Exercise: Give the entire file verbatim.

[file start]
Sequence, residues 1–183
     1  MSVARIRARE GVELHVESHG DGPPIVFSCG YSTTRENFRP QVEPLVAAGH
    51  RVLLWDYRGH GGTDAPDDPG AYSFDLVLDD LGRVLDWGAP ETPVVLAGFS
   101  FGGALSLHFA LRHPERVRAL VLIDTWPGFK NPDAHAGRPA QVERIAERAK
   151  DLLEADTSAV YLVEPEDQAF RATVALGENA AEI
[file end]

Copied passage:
Sequence, residues 1–183
     1  MSVARIRARE GVELHVESHG DGPPIVFSCG YSTTRENFRP QVEPLVAAGH
    51  RVLLWDYRGH GGTDAPDDPG AYSFDLVLDD LGRVLDWGAP ETPVVLAGFS
   101  FGGALSLHFA LRHPERVRAL VLIDTWPGFK NPDAHAGRPA QVERIAERAK
   151  DLLEADTSAV YLVEPEDQAF RATVALGENA AEI